Iconic Psychiatrist Carl Jung on Human Personality in Rare BBC Interview
“Man cannot stand a meaningless life.”
Legendary Swiss psychiatrist Carl Gustav Jung (July 26, 1875–June 6, 1961), along with his frenemy Freud, is considered the founding father of modern analytical psychology. He coined the concepts of collective consciousness and introverted vs. extroverted personality, providing the foundation for the popular Myers-Briggs Type Indicator.
Though famously accused of having lost his soul, Jung had a much more heartening view of human nature than Freud and memorably wrote that “the sole purpose of human existence is to kindle a light in the darkness of mere being.” On October 22 of 1959, BBC’s Face to Face — an unusual series of pointed, almost interrogative interviews seeking to “unmask public figures” — aired a segment on Jung, included in the 1977 anthology C.G. Jung Speaking: Interviews and Encounters (public library).
Eighty-four at the time and still working, he talks to New Statesman editor John Freeman about education, religion, consciousness, human nature, and his temperamental differences with Freud, which sparked his study of personality types. Transcript highlights below.
Echoing Anaïs Nin’s meditation on the fluid self from a decade earlier, Jung confirms that fixed personality is a myth:
Psychological type is nothing static — it changes in the course of life.
He advocates for psychology as the most potent tool for understanding human nature and thus saving humanity from itself:
We need more understanding of human nature, because the only danger that exists is man himself — he is the great danger, and we are pitifully unaware of it. We know nothing of man — far too little.
But perhaps most timeless and timely of all is the interview’s concluding question, the answer to which arrives at the same conclusion that Viktor Frankl famously did:
FREEMAN: As the world becomes more technically efficient, it seems increasingly necessary for people to behave communally and collectively, now do you think it’s possible that the highest development of man may be to submerge his own individuality in a kind of collective consciousness?
JUNG: That’s hardly possible. I think there will be a reaction — a reaction will set in against this communal dissociation. You know, man doesn’t stand forever, his nullification. Once, there will be a reaction, and I see it setting in, you know, when I think of my patients, they all seek their own existence and to assure their existence against that complete atomization into nothingness or into meaninglessness. Man cannot stand a meaningless life.
This interview, writes editor R. F. C. Hull in C.G. Jung Speaking, “undoubtedly brought Jung to more people than any other piece of journalism and any of Jung’s own writings.” Complement it with Jung’s fantastic catalog of the unconscious, The Book of Symbols, and his timelessly captivating Memories, Dreams, Reflection.
Source: Brain Pickings
- Carl Jung’s 4 Stages of Life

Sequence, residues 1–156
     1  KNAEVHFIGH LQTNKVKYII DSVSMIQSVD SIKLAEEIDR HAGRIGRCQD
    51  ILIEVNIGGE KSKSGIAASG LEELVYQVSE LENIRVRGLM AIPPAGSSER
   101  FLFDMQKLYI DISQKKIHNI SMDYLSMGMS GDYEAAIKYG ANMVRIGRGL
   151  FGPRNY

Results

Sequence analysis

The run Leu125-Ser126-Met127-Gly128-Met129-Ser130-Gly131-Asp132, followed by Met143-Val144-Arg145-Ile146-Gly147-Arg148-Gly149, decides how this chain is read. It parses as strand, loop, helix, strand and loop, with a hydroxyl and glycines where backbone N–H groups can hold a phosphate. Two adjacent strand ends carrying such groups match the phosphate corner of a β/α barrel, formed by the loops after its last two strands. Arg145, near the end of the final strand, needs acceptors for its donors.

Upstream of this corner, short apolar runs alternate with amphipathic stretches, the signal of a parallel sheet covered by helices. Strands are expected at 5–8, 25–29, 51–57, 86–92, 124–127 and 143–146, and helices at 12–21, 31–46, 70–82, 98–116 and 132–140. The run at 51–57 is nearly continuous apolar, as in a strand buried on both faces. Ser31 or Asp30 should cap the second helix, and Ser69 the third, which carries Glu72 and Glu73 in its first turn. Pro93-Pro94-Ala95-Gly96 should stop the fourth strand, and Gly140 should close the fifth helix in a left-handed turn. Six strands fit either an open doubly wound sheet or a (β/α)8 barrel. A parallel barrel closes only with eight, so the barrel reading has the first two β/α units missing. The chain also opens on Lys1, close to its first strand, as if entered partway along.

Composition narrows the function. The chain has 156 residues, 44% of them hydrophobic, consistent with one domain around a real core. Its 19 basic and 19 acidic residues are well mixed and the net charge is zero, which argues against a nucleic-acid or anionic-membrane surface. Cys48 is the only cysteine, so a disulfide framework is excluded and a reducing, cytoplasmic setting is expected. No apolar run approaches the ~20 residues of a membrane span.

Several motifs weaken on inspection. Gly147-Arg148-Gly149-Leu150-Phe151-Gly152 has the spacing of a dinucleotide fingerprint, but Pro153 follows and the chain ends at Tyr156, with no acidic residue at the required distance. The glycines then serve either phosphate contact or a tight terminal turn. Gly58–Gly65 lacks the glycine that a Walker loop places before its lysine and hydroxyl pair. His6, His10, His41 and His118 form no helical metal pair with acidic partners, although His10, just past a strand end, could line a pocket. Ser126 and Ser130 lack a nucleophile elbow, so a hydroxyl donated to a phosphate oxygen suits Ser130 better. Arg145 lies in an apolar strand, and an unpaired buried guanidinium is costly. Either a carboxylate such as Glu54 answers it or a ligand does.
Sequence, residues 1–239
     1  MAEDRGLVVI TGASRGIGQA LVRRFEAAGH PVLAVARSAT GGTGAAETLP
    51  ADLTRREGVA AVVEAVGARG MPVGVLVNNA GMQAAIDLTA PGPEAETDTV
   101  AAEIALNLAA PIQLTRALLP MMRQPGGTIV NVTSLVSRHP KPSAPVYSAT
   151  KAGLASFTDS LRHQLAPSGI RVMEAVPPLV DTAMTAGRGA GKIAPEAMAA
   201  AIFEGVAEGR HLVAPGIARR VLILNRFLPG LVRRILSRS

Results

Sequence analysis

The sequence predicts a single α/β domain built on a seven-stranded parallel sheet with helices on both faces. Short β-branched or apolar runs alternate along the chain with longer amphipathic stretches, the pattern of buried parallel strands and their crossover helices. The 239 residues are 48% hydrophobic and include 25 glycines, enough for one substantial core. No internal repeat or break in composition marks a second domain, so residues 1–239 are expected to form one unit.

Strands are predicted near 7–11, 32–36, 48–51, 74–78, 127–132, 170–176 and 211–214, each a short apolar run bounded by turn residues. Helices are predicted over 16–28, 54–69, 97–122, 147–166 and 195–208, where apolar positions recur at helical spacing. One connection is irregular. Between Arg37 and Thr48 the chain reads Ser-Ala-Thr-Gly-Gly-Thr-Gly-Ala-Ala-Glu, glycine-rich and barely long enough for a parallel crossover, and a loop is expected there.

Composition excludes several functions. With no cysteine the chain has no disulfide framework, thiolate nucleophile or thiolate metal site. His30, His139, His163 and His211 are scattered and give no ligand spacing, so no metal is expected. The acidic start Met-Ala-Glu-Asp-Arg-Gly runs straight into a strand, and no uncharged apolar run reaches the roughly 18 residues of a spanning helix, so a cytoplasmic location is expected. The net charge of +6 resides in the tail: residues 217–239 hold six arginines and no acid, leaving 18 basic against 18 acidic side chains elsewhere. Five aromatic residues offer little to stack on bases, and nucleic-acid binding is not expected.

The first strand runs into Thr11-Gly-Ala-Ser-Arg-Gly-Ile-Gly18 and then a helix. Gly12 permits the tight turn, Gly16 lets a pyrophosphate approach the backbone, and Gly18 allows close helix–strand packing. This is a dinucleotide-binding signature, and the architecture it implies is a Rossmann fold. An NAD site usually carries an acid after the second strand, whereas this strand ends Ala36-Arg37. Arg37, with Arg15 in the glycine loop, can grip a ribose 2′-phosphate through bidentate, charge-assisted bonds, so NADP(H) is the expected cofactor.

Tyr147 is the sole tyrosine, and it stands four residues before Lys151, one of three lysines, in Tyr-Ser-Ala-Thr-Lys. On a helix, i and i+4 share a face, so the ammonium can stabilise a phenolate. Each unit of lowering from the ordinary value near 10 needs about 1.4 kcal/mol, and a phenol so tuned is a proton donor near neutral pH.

- The 10 Most Famous Personalities Of The Last 6,000 Years
- Top 14 Greatest Philosophers And Their Books
- 30 Precious Life Lessons By 10 Ancient Greek Philosophers
- The Key To Happiness, According To 3 Greek Philosophers
- Socrates Was One Of The Smartest People Ever Lived. Here Are 24 Out Of His Most Important Quotes That Everyone Needs To Read
- Socrates: The Test Of Three
- MOTIVATION: 15 Best Socrates Picture Quotes
- 17 Of Plato's Most Famous Quotes That Can Help Us Improve Our Lives
- This Animation Will Explain To You Plato's Philosophy In Almost 3 Minutes
- 40 Aristotle's Quotes That Will Make You Think And Can Change Your Life
- 40 Golden Words By Epictetus, The Ancient Greek Philosopher Who Was Born A Slave
- 12 Life Lessons from Jesus That Everyone Should Read Before They Die
- 170 Intriguing and Thought Provoking African Proverbs & Quotes
- 35 Inspiring & Philosophical Quotes By Lao Tzu (Laozi)
- 37 Confucius' Quotes That Will Help You Understand The Chinese Philosophy
- Leonardo Da Vinci: 30 Quotes by a Talented Genius Personality
- You Need To Read These 25 Truths By Galileo Galilei
- 30 Words Of Wisdom By The Great Scientist, Nikola Tesla
- 25 Life Lessons from Albert Einstein
- Albert Einstein - How I See the World
- 23 Quotes About Our Cosmos By The Astronomer Carl Sagan
- Johann Wolfgang von Goethe: 20 Quotes You Need To Read
- 22 Sigmund Freud's Quotes Will Make You Rethink Life
- 38 Most Memorable Quotes By Voltaire
- 39 Philosophical & Thought-Provoking Quotes By Albert Camus
- 42 Victor Hugo's Lessons to Make You Think
- 46 Mind-Blowing Quotes By Friedrich Nietzsche
- 30 Humanitarian Inspiring Quotes By Martin Luther King Jr.
- 30 Political and Philosophical Quotes By Noam Chomsky
- 18 Pictures of Shaolin Monks Training
- Ten Tips From A Shaolin Monk On How To Stay Young
- One Buddha Teaching That Will Tell You More About Yourself Than Anything Else
- 25 Life Changing Lessons to Learn from Buddha
- Gandhi’s 10 Fundamentals: How To Change The World
- 28 Thought-Provoking Photo Quotes By Charles Bukowski
- 25 Life Changing Lessons To Learn From Rumi
- 25 Lessons From Khalil Gibran That Can Totally Transform Your Life
- 30 Native American Wisdom Quotes To Upgrade Your Mind
- 10 Pieces Of Wisdom & Quotes From Native American Elders
- 10 Quotes From a Sioux Indian Chief That Will Make You Question Everything About Our Society
Iconic Psychiatrist Carl Jung on Human Personality in Rare BBC Interview Reviewed by Katerina Pap on 10:33 AM Rating: